Resilience and Mental Health: Challenges Across the Lifespan

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Humans are remarkably resilient in the face of crises, traumas, disabilities, attachment losses and ongoing adversities. To date, most research in the field of traumatic stress has focused on neurobiological, psychological and social factors associated with trauma-related psychopathology and deficits in psychosocial functioning. Far less is known about resilience to stress and healthy adaptation to stress and trauma. This book brings together experts from a broad array of scientific fields whose research has focused on adaptive responses to stress. Each of the five sections in the book examines the relevant concepts, spanning from factors that contribute to and promote resilience, to populations and societal systems in which resilience is employed, to specific applications and contexts of resilience and interventions designed to better enhance resilience. This will be suitable for clinicians and researchers who are interested in resilience across the lifespan and in response to a wide variety of stressors.
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Editorial Reviews

Doody's Review Service
Reviewer: Gary B Kaniuk, Psy.D.(Cermak Health Services)
Description: This book focuses on how resilience is manifested in childhood, adulthood, and older adulthood, from both an individual and community basis. It also addresses resilience in the face of specific traumatic situations.
Purpose: According to the editors, the book "has brought together experts from a broad array of scientific fields whose research has focused on adaptive responses to stress."
Audience: The intended audience includes clinicians and researchers, but graduate students in psychology and social work also would gain much from this book. The editors include a professor of psychiatry at Yale, a professor of psychiatry and psychology at Boston University, a professor of psychiatry at Mt. Sinai School of Medicine, and the executive director for the National Center for Post-traumatic Stress Disorder at the U.S. Department of Veteran Affairs, who is also a professor of psychiatry and pharmacology and toxicology at Dartmouth Medical School.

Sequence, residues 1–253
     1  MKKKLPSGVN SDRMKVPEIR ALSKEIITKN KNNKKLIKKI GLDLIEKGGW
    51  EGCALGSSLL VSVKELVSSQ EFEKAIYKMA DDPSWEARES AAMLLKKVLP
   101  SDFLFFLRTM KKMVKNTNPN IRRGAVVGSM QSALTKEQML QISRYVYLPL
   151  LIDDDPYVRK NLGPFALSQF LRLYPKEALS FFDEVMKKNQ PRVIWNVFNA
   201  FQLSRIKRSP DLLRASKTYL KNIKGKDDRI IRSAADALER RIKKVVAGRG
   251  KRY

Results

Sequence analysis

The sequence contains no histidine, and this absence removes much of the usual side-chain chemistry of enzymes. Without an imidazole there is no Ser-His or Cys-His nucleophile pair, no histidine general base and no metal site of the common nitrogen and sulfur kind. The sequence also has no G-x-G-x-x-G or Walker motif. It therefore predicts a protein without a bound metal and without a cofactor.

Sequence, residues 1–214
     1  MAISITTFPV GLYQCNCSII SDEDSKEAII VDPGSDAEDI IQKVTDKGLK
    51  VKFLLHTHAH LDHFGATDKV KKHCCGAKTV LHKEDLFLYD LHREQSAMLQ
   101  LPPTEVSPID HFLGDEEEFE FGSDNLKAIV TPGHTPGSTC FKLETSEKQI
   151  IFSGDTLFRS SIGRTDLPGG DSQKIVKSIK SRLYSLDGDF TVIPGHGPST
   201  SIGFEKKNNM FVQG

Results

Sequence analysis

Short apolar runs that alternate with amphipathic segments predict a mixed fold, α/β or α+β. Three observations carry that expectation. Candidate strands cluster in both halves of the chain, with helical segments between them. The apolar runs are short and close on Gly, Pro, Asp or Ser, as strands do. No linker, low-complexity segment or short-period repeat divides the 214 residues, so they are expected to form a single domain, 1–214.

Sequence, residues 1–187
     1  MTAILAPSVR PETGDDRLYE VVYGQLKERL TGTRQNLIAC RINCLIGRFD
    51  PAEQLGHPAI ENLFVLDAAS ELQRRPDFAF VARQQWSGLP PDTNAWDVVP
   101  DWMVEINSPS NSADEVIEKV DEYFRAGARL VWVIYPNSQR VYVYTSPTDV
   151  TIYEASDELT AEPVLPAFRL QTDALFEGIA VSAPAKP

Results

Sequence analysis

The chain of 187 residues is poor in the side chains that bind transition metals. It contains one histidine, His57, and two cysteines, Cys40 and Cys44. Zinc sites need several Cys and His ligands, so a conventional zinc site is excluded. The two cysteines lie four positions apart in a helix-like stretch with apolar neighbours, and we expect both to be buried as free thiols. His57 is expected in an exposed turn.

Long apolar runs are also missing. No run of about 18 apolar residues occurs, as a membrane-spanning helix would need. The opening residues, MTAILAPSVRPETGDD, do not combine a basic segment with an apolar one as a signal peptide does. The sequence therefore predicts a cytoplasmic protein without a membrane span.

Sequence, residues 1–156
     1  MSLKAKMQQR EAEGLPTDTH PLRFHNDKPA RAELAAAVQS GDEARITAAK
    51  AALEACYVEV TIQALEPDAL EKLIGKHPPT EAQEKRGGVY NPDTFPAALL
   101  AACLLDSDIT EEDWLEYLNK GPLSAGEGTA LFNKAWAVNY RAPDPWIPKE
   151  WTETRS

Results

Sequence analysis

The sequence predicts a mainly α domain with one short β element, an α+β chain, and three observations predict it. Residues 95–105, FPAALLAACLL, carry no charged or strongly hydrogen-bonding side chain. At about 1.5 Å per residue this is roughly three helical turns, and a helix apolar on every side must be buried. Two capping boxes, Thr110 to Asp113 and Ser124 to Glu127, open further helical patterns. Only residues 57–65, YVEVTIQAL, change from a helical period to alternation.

Features: In the preface, the editors agree that there are many definitions of resilience. In 2010, the American Psychological Association defined resilience as "the process of adapting well in the face of adversity, trauma, tragedy, threats or even significant sources of threat." The book begins with the various pathways to resilience including neurobiological, cognitive, personality, and spiritual factors. Neurobiology looks at homeostasis and allostasis. Cognitive approaches explore social cognitive theory and self-efficacy. Personality factors reflect hardiness, PEM (positive emotionality/extraversion, NEM (negative emotionality/neuroticism), and CON (constraint/impulsivity). Finally, spiritual factors reflect an acknowledgment of a higher power and connection to a religious community. Next, the authors describe resilience across the lifespan. Children depend on good caregiving, self-regulation, and self-efficacy. Resilient adults can overcome PTEs (potentially traumatic events) by continuing to have healthy psychological and physical functioning. This book also looks at resilience from a macro level, such as families, communities, and societies. One section covers specific issues including disaster relief, sexual assault, terrorism, and serious mental illness. Finally, the authors explore how to increase resilience in both adults and children, as well as military personnel. In chapter 6, on religious and spiritual factors, the authors describe the spiritual journey in six stages while also considering "spiritual red flags." The chapter ends with a review of forgiveness interventions. The tables, figures, and boxes are very informative. Many of the chapters contain conclusions and clinical implications.
Assessment: Written by the leading experts in the field, this book has a solid research foundation and contains practical applications. Given the various stressors and traumas that people face, this book will help therapists better understand their clients and provide a framework for how to proceed in treatment.
From the Publisher